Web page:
What Are the Requirements for a Career in Business and Management?

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Business and management professionals work in diverse roles like management analyst, top executive, and sales manager. According to the Bureau of Labor Statistics (BLS), management analysts and top executives earn median annual salaries of more than twice the national average for all occupations, while sales managers make about triple the national average.

The fields of business and management offer many career pathways and entry points, welcoming people from diverse educational backgrounds. Aspiring professionals can increase their chances of success with preparation. This guide covers how to prepare for business and management careers, including business and management degree requirements and business and management job requirements. The business and management website also offers information for aspiring professionals.

High School Courses of Study

It’s never too early to plan for business and management education requirements. High school students can take classes in areas like math and science to prepare for business and management careers. Additionally, computer courses give students skills and knowledge in essential business software, programs, and applications. Communication courses also help aspiring business professionals hone professional written and verbal communication skills.

In addition to coursework, high school students can prepare for their future careers by joining student groups or organizations, participating in community work, or receiving relevant work experience.

College Courses of Study

While business professionals from all education levels can find success, a college degree is the standard educational requirement for most business occupations, per the BLS. At the associate level, business and management courses tend to focus on foundational knowledge and skills in areas such as decision-making, reasoning, and teamwork.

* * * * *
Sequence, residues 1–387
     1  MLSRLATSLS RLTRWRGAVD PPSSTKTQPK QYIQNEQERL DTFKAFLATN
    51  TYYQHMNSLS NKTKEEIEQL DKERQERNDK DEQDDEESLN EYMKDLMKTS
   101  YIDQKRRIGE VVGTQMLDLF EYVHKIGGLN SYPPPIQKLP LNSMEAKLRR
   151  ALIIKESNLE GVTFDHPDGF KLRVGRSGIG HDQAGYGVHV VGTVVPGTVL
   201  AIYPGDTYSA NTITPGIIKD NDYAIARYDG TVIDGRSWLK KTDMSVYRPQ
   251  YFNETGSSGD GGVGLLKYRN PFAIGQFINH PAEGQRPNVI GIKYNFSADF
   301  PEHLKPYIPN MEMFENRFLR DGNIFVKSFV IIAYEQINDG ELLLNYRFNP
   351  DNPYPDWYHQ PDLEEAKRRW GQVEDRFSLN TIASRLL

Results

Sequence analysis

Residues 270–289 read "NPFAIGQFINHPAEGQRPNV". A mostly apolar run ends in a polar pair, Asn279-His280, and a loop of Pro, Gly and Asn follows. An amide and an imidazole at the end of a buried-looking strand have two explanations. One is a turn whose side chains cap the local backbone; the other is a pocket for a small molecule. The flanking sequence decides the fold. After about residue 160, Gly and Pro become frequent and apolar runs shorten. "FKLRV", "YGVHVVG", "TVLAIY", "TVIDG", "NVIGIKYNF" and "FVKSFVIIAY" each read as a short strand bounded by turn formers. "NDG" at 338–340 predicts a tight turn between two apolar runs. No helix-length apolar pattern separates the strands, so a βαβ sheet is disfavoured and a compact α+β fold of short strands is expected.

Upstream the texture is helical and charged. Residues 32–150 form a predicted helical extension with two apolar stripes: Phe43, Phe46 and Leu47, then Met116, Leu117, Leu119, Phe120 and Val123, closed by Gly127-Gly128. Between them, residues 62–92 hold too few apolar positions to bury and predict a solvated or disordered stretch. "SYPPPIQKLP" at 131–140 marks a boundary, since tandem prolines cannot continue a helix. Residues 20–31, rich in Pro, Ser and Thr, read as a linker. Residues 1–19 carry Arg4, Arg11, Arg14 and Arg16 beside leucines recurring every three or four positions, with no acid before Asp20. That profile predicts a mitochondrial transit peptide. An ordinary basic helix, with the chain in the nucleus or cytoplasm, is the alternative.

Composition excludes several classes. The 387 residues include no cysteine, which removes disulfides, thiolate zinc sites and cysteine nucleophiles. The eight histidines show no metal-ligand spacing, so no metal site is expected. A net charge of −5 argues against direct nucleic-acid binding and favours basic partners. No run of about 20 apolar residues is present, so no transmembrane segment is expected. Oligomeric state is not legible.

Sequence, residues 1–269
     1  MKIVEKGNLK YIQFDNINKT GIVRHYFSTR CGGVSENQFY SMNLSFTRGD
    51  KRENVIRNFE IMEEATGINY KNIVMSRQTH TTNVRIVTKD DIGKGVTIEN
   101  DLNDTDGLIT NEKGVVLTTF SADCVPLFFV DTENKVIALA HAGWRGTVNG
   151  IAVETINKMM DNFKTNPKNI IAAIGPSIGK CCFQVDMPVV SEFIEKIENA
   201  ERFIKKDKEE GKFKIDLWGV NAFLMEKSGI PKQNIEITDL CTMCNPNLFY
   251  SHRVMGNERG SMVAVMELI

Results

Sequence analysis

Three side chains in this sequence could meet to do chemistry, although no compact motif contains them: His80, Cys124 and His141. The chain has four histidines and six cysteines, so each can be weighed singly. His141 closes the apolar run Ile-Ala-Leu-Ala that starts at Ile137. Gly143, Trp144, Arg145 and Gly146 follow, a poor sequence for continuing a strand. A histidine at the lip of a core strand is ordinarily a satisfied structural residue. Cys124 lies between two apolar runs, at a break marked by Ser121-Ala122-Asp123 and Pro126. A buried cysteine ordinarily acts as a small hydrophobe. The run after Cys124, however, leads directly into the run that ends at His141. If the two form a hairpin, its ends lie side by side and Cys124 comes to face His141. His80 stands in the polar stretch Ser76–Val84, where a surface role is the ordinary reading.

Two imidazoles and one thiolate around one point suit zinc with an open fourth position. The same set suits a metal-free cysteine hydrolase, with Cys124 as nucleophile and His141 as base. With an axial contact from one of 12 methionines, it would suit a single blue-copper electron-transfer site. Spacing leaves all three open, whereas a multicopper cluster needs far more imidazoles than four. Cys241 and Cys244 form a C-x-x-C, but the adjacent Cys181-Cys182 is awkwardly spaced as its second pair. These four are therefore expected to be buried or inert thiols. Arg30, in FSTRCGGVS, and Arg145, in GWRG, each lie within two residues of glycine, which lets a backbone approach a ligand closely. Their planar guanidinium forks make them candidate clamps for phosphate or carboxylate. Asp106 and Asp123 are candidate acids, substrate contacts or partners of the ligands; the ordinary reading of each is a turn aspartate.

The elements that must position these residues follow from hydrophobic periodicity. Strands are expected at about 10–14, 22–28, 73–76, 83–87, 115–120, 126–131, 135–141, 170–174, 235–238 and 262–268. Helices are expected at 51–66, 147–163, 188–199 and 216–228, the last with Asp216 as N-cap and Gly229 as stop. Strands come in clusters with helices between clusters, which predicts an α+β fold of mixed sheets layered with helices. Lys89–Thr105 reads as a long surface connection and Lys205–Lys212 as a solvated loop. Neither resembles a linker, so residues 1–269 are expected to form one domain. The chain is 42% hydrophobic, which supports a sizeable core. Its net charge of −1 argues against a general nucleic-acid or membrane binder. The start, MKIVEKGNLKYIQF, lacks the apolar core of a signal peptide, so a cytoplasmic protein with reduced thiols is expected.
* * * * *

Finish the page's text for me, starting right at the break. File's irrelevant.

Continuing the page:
During a bachelor’s program, students can focus on particular fields within business, such as accounting, marketing, or finance. These programs typically include practical assignments to help students contextualize their training, like capstone projects and internships. Courses vary by program and school, but the following list highlights some common courses found in college business and management programs.

Business Law

Business law courses provide foundational knowledge regarding legal business issues. Learners may study the legal implications of employment, sales, and contracts, along with cyberlaw and liabilities. A basic understanding of business law prepares learners to study more advanced topics in the discipline.

Introduction to Marketing

This course examines how consumers determine value and how organizations can create and provide that value. Students may learn how to conduct market research and use various marketing channels. While marketing training is fundamental for the entire business field, it is particularly helpful for aspiring sales and marketing professionals.

Entrepreneurship

Entrepreneurship courses examine how to create and manage a business. Learners study topics like branding, marketing strategies, and organizational analysis and sustainability. Students can apply content from the course to a variety of roles and responsibilities in the business field.